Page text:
Role of cardiopulmonary interactions in development of ventilator-induced lung injury—Experimental evidence and clinical Implications

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2 Scopus citations

Abstract

Ventilator-induced lung injury (VILI) impacts outcomes in ARDS and optimization of ventilatory strategies improves survival. Decades of research has identified various mechanisms of VILI, largely focusing on airspace forces of plateau pressure, tidal volume and driving pressure. Experimental evidence indicates the role of adverse cardiopulmonary interaction during mechanical ventilation, contributing to VILI genesis mostly by modulating pulmonary vascular dynamics. Under passive mechanical ventilation, high transpulmonary pressure increases afterload on right heart while high pleural pressure reduces the RV preload. Together, they can result in swings of pulmonary vascular flow and pressure. Altered vascular flow and pressure result in increased vascular shearing and wall tension, in turn causing direct microvascular injury accompanied with permeability to water, proteins and cells. Moreover, abrupt decreases in airway pressure, may result in sudden overperfusion of the lung and result in similar microvascular injury, especially when the endothelium is stretched or primed at high positive end-expiratory pressure. Microvascular injury is universal in VILI models and presumed in the diagnosis of ARDS; preventing such microvascular injury can reduce VILI and impact outcomes in ARDS. Consequently, developing cardiovascular targets to reduce macro and microvascular stressors in the pulmonary circulation can potentially reduce VILI. This paper reviews the role of cardiopulmonary interaction in VILI genesis.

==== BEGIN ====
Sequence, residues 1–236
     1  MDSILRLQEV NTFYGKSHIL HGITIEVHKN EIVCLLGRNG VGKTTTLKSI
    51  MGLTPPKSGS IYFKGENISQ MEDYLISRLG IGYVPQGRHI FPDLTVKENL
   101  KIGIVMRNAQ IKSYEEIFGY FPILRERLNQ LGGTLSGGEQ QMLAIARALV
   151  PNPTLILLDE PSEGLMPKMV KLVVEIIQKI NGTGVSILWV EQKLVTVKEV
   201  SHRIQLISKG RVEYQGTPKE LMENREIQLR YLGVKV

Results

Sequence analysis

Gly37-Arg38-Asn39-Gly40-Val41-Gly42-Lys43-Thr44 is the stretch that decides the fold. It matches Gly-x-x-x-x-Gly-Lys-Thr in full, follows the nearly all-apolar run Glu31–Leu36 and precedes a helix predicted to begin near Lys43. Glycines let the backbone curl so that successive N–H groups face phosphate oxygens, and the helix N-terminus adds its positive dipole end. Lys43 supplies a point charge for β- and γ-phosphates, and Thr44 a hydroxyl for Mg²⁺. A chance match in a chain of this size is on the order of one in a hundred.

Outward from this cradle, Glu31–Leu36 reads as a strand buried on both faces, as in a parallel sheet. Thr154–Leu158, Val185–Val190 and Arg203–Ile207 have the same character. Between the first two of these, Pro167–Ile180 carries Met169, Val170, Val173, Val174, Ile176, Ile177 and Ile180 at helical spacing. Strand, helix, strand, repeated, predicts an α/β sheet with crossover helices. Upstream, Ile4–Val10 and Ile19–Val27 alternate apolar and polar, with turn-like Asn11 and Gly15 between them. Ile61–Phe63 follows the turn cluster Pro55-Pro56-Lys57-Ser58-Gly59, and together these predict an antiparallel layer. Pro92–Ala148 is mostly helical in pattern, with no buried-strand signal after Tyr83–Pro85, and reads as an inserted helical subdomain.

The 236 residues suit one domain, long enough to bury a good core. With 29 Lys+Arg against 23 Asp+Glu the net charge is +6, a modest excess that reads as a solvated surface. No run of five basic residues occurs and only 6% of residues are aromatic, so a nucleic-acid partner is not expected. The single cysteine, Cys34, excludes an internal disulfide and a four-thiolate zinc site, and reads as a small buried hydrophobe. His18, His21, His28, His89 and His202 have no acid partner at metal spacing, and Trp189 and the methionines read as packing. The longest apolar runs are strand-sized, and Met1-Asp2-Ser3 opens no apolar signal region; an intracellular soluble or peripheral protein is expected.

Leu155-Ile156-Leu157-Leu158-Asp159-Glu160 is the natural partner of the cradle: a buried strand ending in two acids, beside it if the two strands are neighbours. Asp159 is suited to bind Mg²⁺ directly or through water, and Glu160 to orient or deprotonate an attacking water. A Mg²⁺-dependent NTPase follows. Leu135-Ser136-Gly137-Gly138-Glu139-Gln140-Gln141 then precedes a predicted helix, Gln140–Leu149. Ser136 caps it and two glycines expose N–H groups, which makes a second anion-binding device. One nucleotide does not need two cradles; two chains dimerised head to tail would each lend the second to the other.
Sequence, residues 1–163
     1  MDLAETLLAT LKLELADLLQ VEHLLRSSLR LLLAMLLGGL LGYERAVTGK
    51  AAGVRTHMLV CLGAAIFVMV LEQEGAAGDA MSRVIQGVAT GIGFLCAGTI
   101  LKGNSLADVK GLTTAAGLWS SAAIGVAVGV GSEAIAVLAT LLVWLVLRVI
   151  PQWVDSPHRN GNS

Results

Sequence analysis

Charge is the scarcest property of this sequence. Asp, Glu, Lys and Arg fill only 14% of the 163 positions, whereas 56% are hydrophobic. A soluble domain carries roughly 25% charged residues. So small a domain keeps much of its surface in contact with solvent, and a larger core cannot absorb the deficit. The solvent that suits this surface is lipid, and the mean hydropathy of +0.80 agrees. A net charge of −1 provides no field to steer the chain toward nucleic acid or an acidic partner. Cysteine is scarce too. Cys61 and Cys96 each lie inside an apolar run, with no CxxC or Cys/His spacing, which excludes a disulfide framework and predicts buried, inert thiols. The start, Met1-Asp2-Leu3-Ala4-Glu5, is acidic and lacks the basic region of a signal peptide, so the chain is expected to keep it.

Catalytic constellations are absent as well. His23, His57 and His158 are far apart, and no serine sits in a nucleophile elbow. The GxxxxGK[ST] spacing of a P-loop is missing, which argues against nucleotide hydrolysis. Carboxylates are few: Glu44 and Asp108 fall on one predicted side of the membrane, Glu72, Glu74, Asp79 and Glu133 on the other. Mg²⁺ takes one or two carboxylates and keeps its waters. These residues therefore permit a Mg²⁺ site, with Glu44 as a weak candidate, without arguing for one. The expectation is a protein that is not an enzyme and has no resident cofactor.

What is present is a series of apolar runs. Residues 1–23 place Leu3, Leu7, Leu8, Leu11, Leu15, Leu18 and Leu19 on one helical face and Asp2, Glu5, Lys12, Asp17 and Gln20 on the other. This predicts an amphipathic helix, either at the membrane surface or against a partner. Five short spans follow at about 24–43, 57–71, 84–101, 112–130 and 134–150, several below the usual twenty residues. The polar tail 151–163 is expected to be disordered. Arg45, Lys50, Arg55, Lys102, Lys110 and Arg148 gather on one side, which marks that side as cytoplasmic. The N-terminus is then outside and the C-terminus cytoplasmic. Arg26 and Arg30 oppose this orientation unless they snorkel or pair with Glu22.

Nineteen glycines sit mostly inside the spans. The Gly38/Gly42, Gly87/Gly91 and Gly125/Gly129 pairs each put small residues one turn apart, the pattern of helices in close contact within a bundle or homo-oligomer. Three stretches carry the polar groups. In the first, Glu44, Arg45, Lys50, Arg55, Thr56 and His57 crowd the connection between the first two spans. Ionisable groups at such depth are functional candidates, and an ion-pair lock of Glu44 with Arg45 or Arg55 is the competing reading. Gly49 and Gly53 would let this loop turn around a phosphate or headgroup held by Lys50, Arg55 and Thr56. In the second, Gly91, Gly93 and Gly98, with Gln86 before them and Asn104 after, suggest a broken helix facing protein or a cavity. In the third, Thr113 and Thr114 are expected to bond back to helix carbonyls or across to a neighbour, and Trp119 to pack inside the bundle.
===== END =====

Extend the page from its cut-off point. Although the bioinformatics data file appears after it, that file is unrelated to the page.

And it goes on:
Original languageEnglish
Article number1228476
JournalFrontiers in Physiology
Volume14
DOIs
StatePublished - 2023

Keywords

  • VILI (ventilator induced lung injury)
  • cardiopulmonary interactions
  • endothelial injury
  • lung deflation injury
  • vascular shearing

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